First stop, last stop

November 4

New State:  South Carolina

Where's James?

Where’s James? (RT photo)

The eastern continental divide runs down Atlanta’s Peachtree Street.  The Chattahoochee River flows to the Gulf of Mexico, even though it is well east of the Appalachian Mountains that spill into Alabama. If you spit on Peachtree Street there’s a fifty-fifty chance your spittle will go to the Atlantic or the Gulf.

The Blue Ridge escarpment marks the eastern edge of the Appalachians, but any rain that falls on the mountains proper will run west.

The road from Atlanta to Charlotte, I-85, runs through the piedmont, just parallel to real mountains.  Looking off to the north, you can almost see the mountains; in Greenville, you actually can.  Just south of Charlotte you pass close to King’s and Crowder Mountains.  The road is consistently hilly, just enough to challenge your cruise control, or to keep you guessing whether those trucks are going to hold you up or run you down.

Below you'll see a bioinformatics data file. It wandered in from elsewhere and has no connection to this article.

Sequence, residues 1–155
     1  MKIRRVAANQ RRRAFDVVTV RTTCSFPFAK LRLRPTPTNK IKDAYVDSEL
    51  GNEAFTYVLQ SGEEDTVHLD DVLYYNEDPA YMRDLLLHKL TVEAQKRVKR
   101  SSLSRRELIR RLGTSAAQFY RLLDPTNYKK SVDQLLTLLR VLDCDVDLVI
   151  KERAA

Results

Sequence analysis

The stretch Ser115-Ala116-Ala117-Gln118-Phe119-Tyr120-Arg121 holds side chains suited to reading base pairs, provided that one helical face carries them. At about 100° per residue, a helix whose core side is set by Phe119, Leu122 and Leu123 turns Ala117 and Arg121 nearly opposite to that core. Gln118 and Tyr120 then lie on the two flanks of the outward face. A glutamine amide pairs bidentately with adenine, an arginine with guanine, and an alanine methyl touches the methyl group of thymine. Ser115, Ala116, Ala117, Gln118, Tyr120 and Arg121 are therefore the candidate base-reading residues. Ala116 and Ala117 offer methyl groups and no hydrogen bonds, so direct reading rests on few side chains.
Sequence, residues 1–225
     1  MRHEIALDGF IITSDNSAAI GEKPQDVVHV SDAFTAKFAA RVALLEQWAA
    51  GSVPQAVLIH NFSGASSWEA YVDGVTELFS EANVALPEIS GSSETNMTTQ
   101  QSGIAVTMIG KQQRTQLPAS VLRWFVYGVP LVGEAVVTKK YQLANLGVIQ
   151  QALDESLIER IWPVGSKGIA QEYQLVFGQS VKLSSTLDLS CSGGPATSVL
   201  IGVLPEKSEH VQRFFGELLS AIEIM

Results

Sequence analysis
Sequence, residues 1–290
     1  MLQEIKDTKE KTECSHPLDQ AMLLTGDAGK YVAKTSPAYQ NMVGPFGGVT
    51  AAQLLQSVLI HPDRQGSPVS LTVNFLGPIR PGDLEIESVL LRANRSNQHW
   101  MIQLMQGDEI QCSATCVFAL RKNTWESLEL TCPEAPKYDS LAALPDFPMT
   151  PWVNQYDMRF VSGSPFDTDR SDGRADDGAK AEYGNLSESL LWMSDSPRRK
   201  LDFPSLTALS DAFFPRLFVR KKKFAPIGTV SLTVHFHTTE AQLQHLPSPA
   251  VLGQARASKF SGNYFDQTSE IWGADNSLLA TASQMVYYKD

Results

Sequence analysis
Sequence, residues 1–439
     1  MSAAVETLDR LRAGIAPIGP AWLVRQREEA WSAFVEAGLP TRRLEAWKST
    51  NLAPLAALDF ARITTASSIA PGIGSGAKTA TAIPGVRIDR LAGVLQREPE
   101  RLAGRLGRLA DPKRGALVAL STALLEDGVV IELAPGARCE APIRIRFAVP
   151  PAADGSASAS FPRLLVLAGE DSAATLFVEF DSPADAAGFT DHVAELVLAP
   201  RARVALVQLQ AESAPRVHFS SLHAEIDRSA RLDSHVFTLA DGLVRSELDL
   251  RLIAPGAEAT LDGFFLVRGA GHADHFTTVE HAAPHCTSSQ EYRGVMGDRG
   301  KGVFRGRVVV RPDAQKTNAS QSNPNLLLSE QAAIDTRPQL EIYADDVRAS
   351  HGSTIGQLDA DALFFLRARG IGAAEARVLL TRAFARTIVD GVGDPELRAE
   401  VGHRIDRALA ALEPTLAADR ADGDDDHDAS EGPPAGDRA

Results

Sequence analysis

There’s been a lot of rain lately, so all the rivers and creeks we crossed along the way were near or over their banks.  And autumn is catching back up with us – the leaves are growing colorful, although they are draped in a gray mist.

There's a signpost up ahead ... (RT photo)

There’s a signpost up ahead … (RT photo)

When we reached Charlotte, we detoured north.  One more stop before finally reaching home:  Troutman.  It was our first stop on the way out, and it is our last stop on the way back, to visit Rebecca’s mother and family.

Our “hike” is up and down Troutman Farm Road.  Despite the “No Outlet” nature of the street, neighbors tend to whiz by, keeping walkers on their toes.  There’s also a state park, Lake Norman State Park, with a trail system along the lakeshore, but we assume it is too muddy right now.

The Troutman homestead is located just off Old Mountain Road, which runs along a ridgeline through farmland from Troutman to Hiddenite (Iredell to Alexander Counties, if you prefer).  Hiddenite is a rich source of gemstones, including emeralds.

Hiddenite sits at the edge of the Brushy Mountains.  The Brushies are not particularly tall, but they are significant:  They mark the true beginning of the Blue Ridge, which has retreated significantly over the ages (op cit).

The Brushies have a lot of exposed rock faces between Hiddenite and Wilkesboro, but alas no public lands or hiking trails (to my knowledge).  They are a good source for apples.